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Most common English words: public « others « anything « #289: matter » passed » true » friend

EtymologyModificar

From Middle English mater, matere from Patrono:Xno[[Category:Patrono:Xno derivations|Matter]] matere, materie from Old French materie, matiere from Latin materia (matter, stuff, material), derivative of Latin mater "mother". Displaced native Middle English andweorc, andwork "material, matter" (from Old English andweorc "matter, substance, material"), Old English intinga "matter, affair, business".

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NounModificar

Singular
Matter

Plural
countable and uncountable; plural Matters

Matter (countable and uncountable; plural Matters)
  1. Patrono:Physics The basic structural component of the universe. Matter usually has mass and volume.
    • 1924: ARISTOTLE. Metaphysics. Translated by W. D. Ross. Nashotah, Wisconsin, USA: The Classical Library, 2001.
      Parmenides seems to fasten on that which is one in definition, Melissus on that which is one in matter,
  2. Patrono:Physics Matter made up of normal particles, not antiparticles. (Non-antimatter matter).
  3. A kind of substance.
    vegetable matter
  4. A reason for concern; being amiss.
    What's the matter?
  5. A situation.
    a trivial matter
  6. A cause.
    a matter for concern
  7. Written material (especially in books or magazines)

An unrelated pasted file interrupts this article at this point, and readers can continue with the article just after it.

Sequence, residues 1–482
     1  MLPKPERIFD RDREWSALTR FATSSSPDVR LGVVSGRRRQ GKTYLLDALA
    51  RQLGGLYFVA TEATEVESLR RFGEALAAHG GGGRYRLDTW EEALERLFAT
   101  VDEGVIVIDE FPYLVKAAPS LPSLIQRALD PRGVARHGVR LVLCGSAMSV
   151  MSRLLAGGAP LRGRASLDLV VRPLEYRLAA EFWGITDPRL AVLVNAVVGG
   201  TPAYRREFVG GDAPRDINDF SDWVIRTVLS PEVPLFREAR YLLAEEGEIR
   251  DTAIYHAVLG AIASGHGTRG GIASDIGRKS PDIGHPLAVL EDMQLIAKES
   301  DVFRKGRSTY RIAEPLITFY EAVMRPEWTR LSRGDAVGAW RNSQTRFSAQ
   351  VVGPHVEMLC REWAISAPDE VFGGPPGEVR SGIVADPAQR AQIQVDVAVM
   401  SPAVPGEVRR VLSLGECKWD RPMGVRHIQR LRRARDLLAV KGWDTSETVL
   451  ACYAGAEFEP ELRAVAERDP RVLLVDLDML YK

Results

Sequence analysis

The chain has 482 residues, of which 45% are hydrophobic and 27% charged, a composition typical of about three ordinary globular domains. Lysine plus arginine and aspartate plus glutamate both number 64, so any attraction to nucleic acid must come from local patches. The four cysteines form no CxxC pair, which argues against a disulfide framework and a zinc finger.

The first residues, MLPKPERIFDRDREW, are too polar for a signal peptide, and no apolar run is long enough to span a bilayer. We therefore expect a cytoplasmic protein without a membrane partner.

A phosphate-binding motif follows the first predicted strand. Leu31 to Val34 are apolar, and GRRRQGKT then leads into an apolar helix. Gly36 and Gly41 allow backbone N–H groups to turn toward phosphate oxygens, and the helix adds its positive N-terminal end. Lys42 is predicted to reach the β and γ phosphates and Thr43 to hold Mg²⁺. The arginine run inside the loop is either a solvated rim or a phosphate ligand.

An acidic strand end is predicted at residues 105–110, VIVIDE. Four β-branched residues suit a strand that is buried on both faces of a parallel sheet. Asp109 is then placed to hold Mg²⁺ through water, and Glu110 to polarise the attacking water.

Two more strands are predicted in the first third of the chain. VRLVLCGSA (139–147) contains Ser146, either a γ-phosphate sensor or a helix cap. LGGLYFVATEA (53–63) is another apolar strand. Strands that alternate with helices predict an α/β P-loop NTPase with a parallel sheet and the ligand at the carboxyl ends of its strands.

He always took some reading matter with him on the plane
  8. Patrono:Neurology Gray and white matter are the two nerve tissue types that comprise the brain and spinal cord.

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TranslationsModificar

The translations below need to be checked and inserted above into the appropriate translation tables, removing any numbers. Numbers do not necessarily match those in definitions. See instructions at Help:How to check translations.

VerbModificar

Infinitive
to Matter

Third person singular
Matters

Simple past
Mattered

Past participle
Mattered

Present participle
Mattering

to Matter (third-person singular simple present Matters, present participle Mattering, simple past and past participle Mattered)
  1. (intransitive) To be important.
    The only thing that matters to Jim is being rich.
    Sorry for pouring ketchup on your clean white shirt! - Oh, don't worry, it does not matter.
  2. (transitive, obsolete except Patrono:Context 5) To care about, to mind; to find important.
    • 1749, Henry Fielding, Tom Jones, Folio Society 1973, p. 47:
      Besides, if it had been out of doors I had not mattered it so much; but with my own servant, in my own house, under my own roof [...]

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TranslationsModificar

zh-min-nan:matter et:matter el:matter es:matter fa:matter fr:matter ko:matter io:matter it:matter kn:matter kk:matter ku:matter hu:matter ml:matter nl:matter ja:matter no:matter pl:matter pt:matter ru:matter simple:matter fi:matter sv:matter ta:matter te:matter th:matter tr:matter vi:matter zh:matter

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